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NBA: Depth of this year's draft rivals all-time best drafts

Published June 19, 2017 4:28 pm
This is an archived article that was published on sltrib.com in 2017, and information in the article may be outdated. It is provided only for personal research purposes and may not be reprinted.

Trevor Booker knew right away what he was watching in Markelle Fultz.

He took note of how easy Fultz, likely Thursday's No. 1 pick, made the game look. The smooth jumpshot. The ability to get to the basket off the dribble. That week in Virginia two years ago isn't one Booker soon will forget.

"I knew Markelle was going to be in the league soon," Booker told The Tribune in a phone interview. "He had all the tools. You don't always see that kind of skill in somebody so young."

Booker, the former Utah Jazz forward who currently plays for the Brooklyn Nets, coached Fultz in the NBA top 100 camp, one of the premier high school summer events annually. He realized quickly what everyone had been saying about the crop of prospects.

This is a one of the deepest and most talented drafts in years.

"There are a lot of good players, guys who are going to have big impacts for a long time," Booker said.

General managers, coaches and scouts have been circling this draft for the past three years, awed by its talent at the top and potential depth at the end of the first round and into the second round.

The Jazz will have four picks, two in each round. They have the 24th and 30th selection of the first round and picks 42nd and 55th, which land in the second round.

On face value, the placement of those picks are mediocre because by the time you get to the 20s, the overall talent usually falters. But Utah general manager Dennis Lindsey and vice president of player personnel Walt Perrin feel differently about this draft.

Both feel they can find a solid talent not only with their first round picks, but at No. 42 as well. They say the depth of the draft will push potential first-round talent into the second round. Lindsey and Perrin feel that positions them well to have appealing options Thursday night.

"This is a good draft, and it's a draft where we are glad we have multiple picks," Lindsey said. "We're also glad we have multiple first rounders. There a lot of high value players. The talent is good at the top, and we have a couple of extra picks. The picks themselves are valuable, so we feel pretty good about where we are."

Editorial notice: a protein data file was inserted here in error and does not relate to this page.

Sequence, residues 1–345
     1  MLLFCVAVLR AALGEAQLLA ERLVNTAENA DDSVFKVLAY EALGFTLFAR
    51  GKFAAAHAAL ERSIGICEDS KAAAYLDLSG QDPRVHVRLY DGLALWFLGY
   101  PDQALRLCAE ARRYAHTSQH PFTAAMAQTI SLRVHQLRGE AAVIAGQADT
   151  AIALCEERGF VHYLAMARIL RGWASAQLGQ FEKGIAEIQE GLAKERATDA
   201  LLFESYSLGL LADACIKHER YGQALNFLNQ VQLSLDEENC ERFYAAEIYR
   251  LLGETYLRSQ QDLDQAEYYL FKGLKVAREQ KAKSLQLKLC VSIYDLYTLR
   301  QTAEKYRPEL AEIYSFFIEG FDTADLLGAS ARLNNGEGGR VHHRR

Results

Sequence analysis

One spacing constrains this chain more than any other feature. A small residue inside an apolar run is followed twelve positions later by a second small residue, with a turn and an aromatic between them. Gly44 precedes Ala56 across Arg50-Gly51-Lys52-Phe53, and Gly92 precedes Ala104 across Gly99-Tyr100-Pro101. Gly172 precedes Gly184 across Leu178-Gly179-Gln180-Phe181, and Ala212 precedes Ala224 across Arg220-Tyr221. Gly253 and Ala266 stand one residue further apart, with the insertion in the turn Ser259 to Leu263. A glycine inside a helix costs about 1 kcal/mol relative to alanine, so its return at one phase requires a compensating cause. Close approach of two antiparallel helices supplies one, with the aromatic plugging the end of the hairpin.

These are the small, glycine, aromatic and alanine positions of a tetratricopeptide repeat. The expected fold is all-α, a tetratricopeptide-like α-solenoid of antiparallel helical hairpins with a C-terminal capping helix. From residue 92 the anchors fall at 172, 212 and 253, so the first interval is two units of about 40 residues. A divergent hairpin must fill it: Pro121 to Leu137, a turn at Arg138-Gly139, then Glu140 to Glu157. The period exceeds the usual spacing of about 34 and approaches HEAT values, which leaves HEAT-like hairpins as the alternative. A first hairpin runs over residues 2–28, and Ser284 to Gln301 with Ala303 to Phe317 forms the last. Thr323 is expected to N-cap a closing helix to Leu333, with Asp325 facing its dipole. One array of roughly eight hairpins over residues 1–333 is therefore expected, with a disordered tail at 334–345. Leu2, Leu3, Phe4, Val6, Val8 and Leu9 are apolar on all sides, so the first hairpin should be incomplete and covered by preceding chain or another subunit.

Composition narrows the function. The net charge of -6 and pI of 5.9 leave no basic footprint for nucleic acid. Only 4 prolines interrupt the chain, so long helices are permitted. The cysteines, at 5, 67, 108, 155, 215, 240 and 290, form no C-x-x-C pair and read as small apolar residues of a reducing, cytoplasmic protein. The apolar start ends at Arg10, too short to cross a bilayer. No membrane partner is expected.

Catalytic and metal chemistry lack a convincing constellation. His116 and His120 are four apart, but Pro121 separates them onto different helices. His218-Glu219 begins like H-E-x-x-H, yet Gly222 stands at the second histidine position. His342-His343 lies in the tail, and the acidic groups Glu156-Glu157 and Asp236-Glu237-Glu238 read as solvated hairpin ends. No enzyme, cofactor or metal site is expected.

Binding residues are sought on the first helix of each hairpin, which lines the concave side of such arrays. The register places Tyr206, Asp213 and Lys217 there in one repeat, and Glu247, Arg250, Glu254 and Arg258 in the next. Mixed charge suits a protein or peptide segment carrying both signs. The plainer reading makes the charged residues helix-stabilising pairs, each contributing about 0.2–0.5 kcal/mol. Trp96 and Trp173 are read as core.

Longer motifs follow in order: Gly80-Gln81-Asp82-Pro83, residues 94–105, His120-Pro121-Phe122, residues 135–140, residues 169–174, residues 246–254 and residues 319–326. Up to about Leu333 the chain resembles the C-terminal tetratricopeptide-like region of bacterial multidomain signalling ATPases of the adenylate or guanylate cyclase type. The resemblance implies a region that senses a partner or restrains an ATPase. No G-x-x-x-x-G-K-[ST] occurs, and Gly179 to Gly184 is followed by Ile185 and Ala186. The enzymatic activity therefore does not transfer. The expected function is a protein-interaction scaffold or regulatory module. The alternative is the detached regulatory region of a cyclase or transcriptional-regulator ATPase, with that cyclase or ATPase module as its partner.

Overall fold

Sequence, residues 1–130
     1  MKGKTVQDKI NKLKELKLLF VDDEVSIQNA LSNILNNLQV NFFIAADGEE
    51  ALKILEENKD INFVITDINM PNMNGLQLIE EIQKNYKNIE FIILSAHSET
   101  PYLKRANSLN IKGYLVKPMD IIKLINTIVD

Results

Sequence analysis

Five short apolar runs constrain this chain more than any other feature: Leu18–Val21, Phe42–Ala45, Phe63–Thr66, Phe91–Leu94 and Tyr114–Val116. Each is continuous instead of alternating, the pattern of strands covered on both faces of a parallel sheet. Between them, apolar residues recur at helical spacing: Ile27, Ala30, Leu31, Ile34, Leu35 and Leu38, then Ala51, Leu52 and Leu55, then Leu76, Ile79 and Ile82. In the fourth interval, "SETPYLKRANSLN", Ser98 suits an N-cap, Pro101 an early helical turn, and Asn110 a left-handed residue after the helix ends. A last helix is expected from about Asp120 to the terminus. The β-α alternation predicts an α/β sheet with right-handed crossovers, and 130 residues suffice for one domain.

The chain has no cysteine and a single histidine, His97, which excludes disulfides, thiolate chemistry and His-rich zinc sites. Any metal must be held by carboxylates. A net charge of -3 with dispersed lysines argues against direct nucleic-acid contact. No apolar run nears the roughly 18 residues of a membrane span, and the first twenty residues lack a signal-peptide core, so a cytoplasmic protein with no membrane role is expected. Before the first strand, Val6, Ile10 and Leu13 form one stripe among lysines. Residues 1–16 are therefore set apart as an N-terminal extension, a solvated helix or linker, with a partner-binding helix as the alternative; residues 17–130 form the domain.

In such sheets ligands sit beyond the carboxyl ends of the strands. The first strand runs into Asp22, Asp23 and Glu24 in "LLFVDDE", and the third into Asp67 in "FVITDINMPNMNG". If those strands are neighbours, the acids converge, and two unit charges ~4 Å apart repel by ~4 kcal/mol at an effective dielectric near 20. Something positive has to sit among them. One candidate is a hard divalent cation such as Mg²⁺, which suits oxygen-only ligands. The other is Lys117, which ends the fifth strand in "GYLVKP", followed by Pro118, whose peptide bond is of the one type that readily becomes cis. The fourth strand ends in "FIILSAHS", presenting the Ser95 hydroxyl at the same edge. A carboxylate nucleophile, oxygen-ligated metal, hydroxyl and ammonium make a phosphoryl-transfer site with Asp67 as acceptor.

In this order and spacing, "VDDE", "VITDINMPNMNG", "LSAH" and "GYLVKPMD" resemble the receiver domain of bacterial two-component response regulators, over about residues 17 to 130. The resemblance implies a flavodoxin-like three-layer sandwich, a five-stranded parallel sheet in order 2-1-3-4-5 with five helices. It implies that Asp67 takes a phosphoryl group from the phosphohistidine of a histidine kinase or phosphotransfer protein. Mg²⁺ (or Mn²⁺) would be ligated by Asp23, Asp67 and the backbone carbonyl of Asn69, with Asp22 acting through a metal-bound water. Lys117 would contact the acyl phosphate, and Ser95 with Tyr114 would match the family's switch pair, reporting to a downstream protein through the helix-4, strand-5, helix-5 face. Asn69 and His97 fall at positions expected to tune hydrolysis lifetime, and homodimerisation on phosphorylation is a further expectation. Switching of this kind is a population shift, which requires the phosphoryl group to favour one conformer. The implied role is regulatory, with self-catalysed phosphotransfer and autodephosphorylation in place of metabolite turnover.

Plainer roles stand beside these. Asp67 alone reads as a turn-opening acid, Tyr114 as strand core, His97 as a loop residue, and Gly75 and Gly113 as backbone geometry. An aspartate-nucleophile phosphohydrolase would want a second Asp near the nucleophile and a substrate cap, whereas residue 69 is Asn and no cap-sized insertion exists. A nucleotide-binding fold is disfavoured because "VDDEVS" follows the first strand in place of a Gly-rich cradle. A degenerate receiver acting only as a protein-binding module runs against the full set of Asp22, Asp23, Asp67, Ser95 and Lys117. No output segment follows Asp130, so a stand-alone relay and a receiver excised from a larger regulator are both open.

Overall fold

The drafts in 1984, 1996 and 2003 generally are recognized as the three best and deepest drafts in NBA history. Those three all featured the requisite Hall-Of-Fame talent at the top, with more impact-level talent deeper into the draft. The last very good draft is thought to be 2011, when Kyrie Irving, Kawhi Leonard, Jimmy Butler and Klay Thompson highlighted the first round and Isaiah Thomas emerged at the end of the second round.

Is this draft on par with those? Scouts feel this draft features the deepest group of point guards to come into the league in a long time. Fultz, De'Aaron Fox, Lonzo Ball, Dennis Smith and Frank Ntilikina are all expected to be lottery picks and possibly top 10 selections. So, if a team needs a point guard, this is the year to cash in.

There are also a bunch of quality big men. Someone like Salt Lake City native and Purdue forward Caleb Swanigan, who would be a first-round selection in many years, still could be on the board and available when the Jazz pick in the second round.

The same can be said for someone like Baylor forward Johnathan Motley, or even Syracuse forward Tyler Lydon, both of whom are first-round talents in almost any other year.

"Is it on par with some of the best drafts? That depends on how the top of the draft does," Perrin said. "But we've always felt this was a very good draft, and we've looked forward to this draft."

The Jazz don't have a pressing need Thursday, but that may change when free agency hits. For now, the strategy will be to take the best player available, regardless of position.

And don't forget, some of Lindsey's best success has come at the end of the first round, with Rudy Gobert and Rodney Hood serving as prime examples.


Twitter: @tribjazz —

Three standout NBA Drafts

1984 • This class produced Michael Jordan, Hakeem Olajuwon, Charles Barkley and Utah Jazz great John Stockton. ... Of note, former BYU great Devin Durrant was the first pick in the second round.

1996 • A great crop of point guards — Allen Iverson, Stephon Marbury and Steve Nash — emerged from this class. ... Of note, the Charlotte Hornets had the 13th pick and traded it to the Los Angeles Lakers. That pick was Kobe Bryant.

2003 • LeBron James, Dwyane Wade, Carmelo Anthony and Chris Bosh comprised four of the top five picks. The fifth? Darko Milicic, whom the Detroit Pistons will forever regret drafting at Anthony's expense.






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